October is National Breast Cancer Awareness Month (NBCAM) and we are going pink in our main column and including the pink ribbon in our Pulling The Cork banner above to help raise awareness.
During the month of October we will be trying to raise awareness about breast cancer, encouraging regular and routine mammograms and the importance of early detection with wine related topics tied to breast cancer awareness. We are asking other wine bloggers to join us in raising awareness by going pink on their blogs during the month of October as well as retweeting and linking to the many posts we will publish that will focus on raising awareness with wine as the backdrop.
According to the American Cancer Society (ACS), a woman in the United States is diagnosed with breast cancer every three minutes. About 192,370 women in the United States will be found to have invasive breast cancer in 2009. About 40,170 women will die from the disease this year. Right now there are about two and a half million breast cancer survivors in the United States. Given these significant numbers most of us know someone - a friend, a family member, a spouse - who has been diagnosed with breast cancer or who has lost their life to this ravaging disease.
Since the NBCAM program began in 1985, mammography rates have more than doubled for women age 50 and older and breast cancer deaths have declined.
This is exciting progress, but there are still women who do not take advantage of early detection at all and others who do not get screening mammograms and clinical breast exams at regular intervals.
• Women age 65 and older are less likely to get mammograms than younger women, even though breast cancer risk increases with age.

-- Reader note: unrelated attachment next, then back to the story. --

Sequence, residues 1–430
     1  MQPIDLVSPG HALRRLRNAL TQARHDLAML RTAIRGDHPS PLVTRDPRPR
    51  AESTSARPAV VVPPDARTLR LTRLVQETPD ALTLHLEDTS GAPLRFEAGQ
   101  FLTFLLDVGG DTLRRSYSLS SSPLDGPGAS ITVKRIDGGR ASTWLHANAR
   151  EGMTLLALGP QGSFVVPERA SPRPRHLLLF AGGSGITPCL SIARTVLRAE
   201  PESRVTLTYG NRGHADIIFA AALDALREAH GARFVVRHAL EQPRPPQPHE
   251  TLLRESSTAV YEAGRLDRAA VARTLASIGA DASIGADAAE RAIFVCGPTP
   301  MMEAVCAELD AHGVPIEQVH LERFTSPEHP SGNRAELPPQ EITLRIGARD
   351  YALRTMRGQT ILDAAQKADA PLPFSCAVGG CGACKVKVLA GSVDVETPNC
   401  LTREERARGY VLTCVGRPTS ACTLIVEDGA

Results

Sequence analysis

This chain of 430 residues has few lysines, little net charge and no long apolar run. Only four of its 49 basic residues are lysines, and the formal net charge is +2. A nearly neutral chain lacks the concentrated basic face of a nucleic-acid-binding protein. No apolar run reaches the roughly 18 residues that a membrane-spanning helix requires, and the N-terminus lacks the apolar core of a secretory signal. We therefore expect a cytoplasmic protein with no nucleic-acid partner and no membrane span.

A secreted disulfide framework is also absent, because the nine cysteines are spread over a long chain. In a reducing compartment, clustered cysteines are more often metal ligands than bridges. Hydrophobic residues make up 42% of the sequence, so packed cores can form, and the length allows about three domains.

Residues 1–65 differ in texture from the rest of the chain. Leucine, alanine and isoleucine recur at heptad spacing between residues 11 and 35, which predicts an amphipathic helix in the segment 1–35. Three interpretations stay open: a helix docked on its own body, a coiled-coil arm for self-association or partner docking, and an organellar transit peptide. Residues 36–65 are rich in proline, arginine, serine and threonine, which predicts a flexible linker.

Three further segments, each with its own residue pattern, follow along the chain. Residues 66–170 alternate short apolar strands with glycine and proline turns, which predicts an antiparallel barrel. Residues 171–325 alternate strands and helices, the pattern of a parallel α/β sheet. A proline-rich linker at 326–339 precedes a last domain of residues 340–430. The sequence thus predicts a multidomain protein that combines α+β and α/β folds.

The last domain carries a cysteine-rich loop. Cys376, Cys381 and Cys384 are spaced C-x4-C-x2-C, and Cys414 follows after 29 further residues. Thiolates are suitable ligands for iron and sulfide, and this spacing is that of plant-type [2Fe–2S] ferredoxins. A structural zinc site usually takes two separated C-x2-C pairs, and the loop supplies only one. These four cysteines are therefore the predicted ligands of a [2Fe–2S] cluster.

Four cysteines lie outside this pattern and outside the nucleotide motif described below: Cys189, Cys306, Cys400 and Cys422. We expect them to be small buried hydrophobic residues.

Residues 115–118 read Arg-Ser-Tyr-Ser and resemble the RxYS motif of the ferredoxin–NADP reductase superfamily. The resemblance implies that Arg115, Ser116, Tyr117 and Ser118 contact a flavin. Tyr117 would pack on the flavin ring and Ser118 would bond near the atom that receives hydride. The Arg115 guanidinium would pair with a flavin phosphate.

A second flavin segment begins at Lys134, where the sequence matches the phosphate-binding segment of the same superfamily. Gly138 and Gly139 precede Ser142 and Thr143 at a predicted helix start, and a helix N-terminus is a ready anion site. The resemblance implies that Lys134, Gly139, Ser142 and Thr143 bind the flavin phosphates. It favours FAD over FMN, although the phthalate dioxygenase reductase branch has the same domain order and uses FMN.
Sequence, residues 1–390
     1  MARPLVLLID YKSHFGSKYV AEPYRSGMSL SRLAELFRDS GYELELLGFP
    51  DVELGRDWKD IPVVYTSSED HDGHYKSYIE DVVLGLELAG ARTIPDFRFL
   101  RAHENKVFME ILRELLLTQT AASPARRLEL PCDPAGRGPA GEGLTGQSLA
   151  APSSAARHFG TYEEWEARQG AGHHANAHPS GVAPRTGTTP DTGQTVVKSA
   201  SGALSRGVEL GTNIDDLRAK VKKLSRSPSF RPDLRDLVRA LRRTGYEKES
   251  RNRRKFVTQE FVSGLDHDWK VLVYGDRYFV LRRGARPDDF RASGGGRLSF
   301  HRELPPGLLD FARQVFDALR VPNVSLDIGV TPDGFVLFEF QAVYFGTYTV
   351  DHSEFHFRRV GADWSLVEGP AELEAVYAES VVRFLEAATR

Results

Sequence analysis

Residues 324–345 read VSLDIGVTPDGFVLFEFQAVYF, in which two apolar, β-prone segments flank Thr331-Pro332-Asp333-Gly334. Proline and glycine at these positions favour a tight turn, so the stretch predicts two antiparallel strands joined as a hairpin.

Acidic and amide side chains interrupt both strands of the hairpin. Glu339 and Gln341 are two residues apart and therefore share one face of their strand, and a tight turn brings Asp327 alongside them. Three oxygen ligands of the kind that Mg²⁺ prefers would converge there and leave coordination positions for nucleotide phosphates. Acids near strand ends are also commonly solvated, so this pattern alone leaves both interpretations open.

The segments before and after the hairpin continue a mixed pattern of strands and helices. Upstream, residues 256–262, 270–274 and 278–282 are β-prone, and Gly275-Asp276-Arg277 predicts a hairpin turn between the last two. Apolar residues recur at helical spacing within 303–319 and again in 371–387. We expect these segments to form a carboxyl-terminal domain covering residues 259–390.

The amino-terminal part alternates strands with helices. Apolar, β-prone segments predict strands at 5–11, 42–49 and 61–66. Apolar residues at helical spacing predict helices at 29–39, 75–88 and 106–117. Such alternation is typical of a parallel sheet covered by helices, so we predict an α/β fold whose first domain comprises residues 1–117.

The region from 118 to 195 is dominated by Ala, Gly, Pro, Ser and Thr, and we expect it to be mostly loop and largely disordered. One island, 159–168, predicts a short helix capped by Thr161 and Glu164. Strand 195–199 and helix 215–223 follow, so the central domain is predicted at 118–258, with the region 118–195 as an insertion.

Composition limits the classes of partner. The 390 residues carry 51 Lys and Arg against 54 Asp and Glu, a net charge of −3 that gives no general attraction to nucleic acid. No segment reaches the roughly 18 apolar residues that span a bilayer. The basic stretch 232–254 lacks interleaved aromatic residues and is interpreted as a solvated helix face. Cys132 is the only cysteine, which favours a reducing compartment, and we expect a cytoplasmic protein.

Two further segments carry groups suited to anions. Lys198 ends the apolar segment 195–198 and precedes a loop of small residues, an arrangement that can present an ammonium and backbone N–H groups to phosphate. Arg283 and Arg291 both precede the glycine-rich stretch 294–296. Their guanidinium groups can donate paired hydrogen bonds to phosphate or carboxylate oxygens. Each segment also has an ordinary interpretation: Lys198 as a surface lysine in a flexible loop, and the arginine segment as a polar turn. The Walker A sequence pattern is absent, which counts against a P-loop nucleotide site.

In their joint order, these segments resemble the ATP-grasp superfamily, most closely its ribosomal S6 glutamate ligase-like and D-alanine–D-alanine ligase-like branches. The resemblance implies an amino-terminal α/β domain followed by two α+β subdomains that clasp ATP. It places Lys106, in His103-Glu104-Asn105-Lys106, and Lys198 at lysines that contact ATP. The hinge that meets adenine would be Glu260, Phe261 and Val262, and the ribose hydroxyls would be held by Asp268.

• Hispanic women have fewer mammograms than Caucasian women and African American women.
• Women below poverty level are less likely than women at higher incomes to have had a mammogram within the past two years.
• Mammography use has increased for all groups except American Indians and Alaska Natives.
If all women age 40 and older took advantage of early detection methods – mammography plus clinical breast exam – breast cancer death rates would drop much further, up to 30 percent. The key to mammography screening is that it be done routinely – once is not enough.
For more information about NBCAM, please visit www.nbcam.org. For additional information, please call one of the following toll-free numbers:
American Cancer Society, (800) 227-2345
National Cancer Institute (NCI), (800) 4-CANCER
Y-ME National Breast Cancer Organization, (800) 221-2141
The National Breast Cancer Awareness Month program is dedicated to increasing public knowledge about the importance of early detection of breast cancer. Fifteen national public service organizations, professional associations, and government agencies comprise the Board of Sponsors, who work together to ensure that the NBCAM message is heard by thousands of women and their families.